*Skin infection which typically affects the legs, arms, or torso
*Caused by infection with a dermatophyte fungus
*Consists of red, inflamed patches accompanied by severe itching
Tinea corporis, or ringworm, is a skin infection that typically affects the legs, arms or torso. The condition may present in two forms, acute and chronic. Acute tinea corporis presents suddenly and spreads rapidly, and consists of ring-shaped patches of redness and inflammation, which may be accompanied by pustules or scaling. Chronic tinea corporis typically appears in skin folds, and can be difficult to treat if the condition is widespread. In rare cases, lesions may become abscessed (kerion), presenting as a soft, pustular mass accompanied by satellite lesions.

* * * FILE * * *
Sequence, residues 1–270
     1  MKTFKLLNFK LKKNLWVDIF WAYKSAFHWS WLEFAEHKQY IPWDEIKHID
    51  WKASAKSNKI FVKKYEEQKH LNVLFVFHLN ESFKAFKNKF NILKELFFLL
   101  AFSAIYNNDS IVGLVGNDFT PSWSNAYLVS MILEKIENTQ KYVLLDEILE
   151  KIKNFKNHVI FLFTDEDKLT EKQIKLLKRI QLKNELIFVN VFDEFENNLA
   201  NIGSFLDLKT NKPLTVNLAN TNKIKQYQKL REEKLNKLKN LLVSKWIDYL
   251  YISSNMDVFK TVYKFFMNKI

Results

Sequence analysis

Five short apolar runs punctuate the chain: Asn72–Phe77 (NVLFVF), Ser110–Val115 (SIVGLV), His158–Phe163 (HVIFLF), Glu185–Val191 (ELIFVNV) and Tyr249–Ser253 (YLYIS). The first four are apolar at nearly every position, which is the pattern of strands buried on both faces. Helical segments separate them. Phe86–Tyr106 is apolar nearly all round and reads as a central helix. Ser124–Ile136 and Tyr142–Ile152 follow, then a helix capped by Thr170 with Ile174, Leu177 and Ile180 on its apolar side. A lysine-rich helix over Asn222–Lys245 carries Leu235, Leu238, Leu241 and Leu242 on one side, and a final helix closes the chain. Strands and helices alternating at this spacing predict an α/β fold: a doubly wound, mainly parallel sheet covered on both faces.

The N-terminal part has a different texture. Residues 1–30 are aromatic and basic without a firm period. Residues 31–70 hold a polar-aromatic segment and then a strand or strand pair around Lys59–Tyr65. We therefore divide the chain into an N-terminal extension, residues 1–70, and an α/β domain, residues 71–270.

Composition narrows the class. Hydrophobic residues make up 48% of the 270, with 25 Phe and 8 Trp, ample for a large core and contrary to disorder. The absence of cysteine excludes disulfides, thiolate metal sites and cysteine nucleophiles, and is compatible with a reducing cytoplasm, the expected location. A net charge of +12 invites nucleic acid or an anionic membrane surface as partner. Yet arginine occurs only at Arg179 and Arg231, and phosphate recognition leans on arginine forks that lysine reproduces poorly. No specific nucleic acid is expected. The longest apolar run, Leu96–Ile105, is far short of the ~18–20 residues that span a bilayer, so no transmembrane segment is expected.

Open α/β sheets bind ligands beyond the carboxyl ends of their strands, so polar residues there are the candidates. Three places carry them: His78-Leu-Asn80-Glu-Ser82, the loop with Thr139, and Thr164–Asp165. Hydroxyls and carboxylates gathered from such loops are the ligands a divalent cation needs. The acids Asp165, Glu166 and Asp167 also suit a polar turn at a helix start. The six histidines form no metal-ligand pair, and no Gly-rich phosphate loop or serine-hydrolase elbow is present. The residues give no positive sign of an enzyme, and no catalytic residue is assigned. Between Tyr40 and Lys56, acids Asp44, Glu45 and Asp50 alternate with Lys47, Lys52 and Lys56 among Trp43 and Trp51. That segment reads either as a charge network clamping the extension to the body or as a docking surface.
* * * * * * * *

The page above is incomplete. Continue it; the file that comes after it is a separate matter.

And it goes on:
Tinea corporis is caused by an infection with a dermatophyte fungus. Infection is typically acquired through previous infection of the feet or nails or contact with an infected animal. Anyone may experience infection, regardless of age, gender or ethnic group.
Differential Diagnosis (Other conditions with similar appearance)
Erythema annulare centrifugum
*Diagnosis based on appearance of the affected area
*Cultures and microscopy of the affected area may be performed to confirm diagnosis
Tinea corporis is typically diagnosed based on the appearance of the affected area. Laboratory cultures and microscopy of the affected area may be performed to confirm the diagnosis.
*Localized cases resolve quickly with treatment
*Treatment typically consists of topical antifungal medications
*Severe or widespread cases may require systemic treatment
Localized cases of tinea corporis resolve quickly with proper diagnosis and treatment. Treatment typically consists of the administration of a course of topical antifungal medications. Severe cases, or chronic cases which become widespread, may require treatment with systemic antifungal medications. Surgical draining may be required if lesions become abscessed.